Wed, 03/30/2011 - 22:21 | 1119996 pods
pods's picture

The more I remember about the Japanese, the more I see this as a fitting retribution.  From Nanking, to the Phillipines.

Sometimes karma is a bitch.

pods

Wed, 03/30/2011 - 22:54 | 1120084 trav7777
trav7777's picture

fuck off.

Most of the affected people had NOTHING WHATSOEVER to do with Nanking or the Philippines

Thu, 03/31/2011 - 10:24 | 1121218 pods
pods's picture

Correct.  Most people have a cross to bear, myself included.  Seems whenever people get organized to a certain degree, the individual ceases, and the group can do terrible things.

That is why I said karma.

pods

 

 

Thu, 03/31/2011 - 00:17 | 1120291 Matte_Black
Matte_Black's picture

Excuse me, but what in the fucking fuck are people like you thinking?

Nobody alive today was there when these events happened.

Should we all be condemned for the actions of our ancestors?

Go fuck yourself, sir.

 

Thu, 03/31/2011 - 02:47 | 1120517 AnAnonymous
AnAnonymous's picture

That is what Karma is.

 

But as a side note, here's a question: people in the US (and some other places) laudated the founding generations of US citizens for their 'hard work', 'ethics' and all that turned the US in that fine place and consider themselves as heirs to the magnificent work accomplished so far (very often to exhibit how some specific populations are going to screw it all)

Now how is it possible to refer to the past and accept the perceived good things as an inheritance while leaving aside the perceived bad things?

People admit they benefit from the 'good' actions of their ancestors, yet do not want to foot the bill for the 'past' actions. Very US citizen indeed but how is it?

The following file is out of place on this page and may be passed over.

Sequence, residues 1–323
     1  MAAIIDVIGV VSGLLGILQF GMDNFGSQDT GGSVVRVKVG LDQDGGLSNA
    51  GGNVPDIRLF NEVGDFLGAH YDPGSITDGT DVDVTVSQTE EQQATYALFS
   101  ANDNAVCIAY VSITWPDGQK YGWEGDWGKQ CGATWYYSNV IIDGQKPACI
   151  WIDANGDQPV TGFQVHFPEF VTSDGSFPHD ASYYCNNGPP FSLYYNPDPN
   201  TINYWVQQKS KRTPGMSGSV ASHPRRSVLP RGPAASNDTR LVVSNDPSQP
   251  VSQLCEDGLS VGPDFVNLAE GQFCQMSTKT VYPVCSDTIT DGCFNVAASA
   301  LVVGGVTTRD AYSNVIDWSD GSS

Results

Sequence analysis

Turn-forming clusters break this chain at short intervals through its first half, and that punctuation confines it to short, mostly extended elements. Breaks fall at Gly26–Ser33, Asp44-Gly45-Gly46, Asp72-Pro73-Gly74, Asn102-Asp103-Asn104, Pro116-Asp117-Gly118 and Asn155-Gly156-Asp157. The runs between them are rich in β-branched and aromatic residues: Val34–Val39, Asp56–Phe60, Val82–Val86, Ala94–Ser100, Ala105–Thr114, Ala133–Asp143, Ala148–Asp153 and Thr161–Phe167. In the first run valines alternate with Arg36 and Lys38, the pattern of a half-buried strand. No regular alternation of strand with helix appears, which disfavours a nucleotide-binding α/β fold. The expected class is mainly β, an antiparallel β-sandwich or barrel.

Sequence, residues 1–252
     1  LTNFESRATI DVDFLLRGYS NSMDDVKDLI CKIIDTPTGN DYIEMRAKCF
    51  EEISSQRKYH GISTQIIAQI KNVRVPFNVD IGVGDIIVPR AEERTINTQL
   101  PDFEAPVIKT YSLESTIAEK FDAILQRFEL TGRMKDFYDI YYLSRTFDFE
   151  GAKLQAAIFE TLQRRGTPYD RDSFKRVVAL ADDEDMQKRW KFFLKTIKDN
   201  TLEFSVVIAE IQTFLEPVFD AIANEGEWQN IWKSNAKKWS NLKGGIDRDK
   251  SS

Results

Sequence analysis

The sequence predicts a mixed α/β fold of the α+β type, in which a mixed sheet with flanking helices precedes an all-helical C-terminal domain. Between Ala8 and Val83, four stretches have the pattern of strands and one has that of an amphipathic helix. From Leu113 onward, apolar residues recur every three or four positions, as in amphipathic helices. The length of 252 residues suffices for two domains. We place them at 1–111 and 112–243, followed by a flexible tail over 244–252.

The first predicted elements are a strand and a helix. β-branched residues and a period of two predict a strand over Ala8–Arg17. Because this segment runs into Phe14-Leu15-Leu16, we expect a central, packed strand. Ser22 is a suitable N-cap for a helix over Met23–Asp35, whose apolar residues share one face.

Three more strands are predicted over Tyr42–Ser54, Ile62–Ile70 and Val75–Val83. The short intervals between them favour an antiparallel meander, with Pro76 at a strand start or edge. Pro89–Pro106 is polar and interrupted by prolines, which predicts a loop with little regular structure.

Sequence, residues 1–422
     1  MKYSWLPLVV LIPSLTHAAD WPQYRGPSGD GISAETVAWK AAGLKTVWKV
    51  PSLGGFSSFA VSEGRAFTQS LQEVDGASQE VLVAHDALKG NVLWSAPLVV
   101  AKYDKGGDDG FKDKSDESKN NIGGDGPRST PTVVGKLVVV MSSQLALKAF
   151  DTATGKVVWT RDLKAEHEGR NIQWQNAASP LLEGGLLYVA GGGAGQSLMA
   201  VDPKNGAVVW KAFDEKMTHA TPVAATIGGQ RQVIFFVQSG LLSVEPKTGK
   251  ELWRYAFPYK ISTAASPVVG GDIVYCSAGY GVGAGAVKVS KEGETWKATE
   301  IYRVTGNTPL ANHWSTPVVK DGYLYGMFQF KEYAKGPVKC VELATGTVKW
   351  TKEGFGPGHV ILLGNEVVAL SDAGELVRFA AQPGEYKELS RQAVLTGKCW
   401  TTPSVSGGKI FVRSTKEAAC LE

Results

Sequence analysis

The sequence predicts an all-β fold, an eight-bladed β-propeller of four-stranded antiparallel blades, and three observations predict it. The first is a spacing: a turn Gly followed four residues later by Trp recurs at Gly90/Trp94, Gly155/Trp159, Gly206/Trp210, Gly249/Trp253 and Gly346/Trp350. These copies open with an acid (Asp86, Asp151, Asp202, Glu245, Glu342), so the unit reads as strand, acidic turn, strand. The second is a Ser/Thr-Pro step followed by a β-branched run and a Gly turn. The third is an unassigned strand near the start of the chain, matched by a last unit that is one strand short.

Thu, 03/31/2011 - 02:47 | 1120518 1984
1984's picture

In stark contrast to Germany, they as a country, and individually, NEVER admitted to the unspeakable atrocities they committed during WII. 

Their emporor continue to worship and glorify the war criminals at the Yasukuni shrine in downtown Tokyo every year. 

The old crew and direct descendants still continue to run and rule over their industries and corporations. 

And they whitewash their text books of their atrocities so their kids never learn: http://en.wikipedia.org/wiki/Japanese_history_textbook_controversies

These are present day deeds of the criminals that never atoned for their crimes.

Why do you think people all over asia, other than greedy governments, are still seething in anger?! 

 

Thu, 03/31/2011 - 03:25 | 1120544 Matte_Black
Matte_Black's picture

Do either of you give a fuck about extraordinary renditions that the US is running into Gitmo and Basra?

Sorry. No play. You are imbeciles.

All nations ar guilty. Don't give us that karma or just retribution bullshit. It's bullshit.

Thu, 03/31/2011 - 04:15 | 1120562 AnAnonymous
AnAnonymous's picture

All nations are guilty? Really? If they are not guilty, that's because they do not matter. US citizen logics.

 

I dont care that much about Gitmo and all the secret prisons. I acknowledge the events as typically US citizen like.

Name calling people does not really answer to my previous question about the inheritance of the past.

And people do not let the Japanese get all the spotlight. The Japanese denial was enabled by the extraordinary behaviour of the US on the case, that cleared the board in exchange of the biological data the Japanese mined during WW2.

Thu, 03/31/2011 - 05:16 | 1120595 d_senti
d_senti's picture

People inherit the consequences of their ancestors' actions, not their moral culpability. In the US, we inherited a great deal, based moreso on circumstance (location and natural resources, namely oil) than on our "hard work ethic." Nevertheless we are the recipients of that. It's not good or evil; it's just how it is.

Saying that the Japanese deserve to have their country destroyed by natural disasters and nuclear catastrophe is beyond idiotic. If, say, the people of Nanking had bombed Japan, you might be able to say it was "fitting" in some vague sense, but it is inherently ridiculous to hold someone morally accountable for something they never did.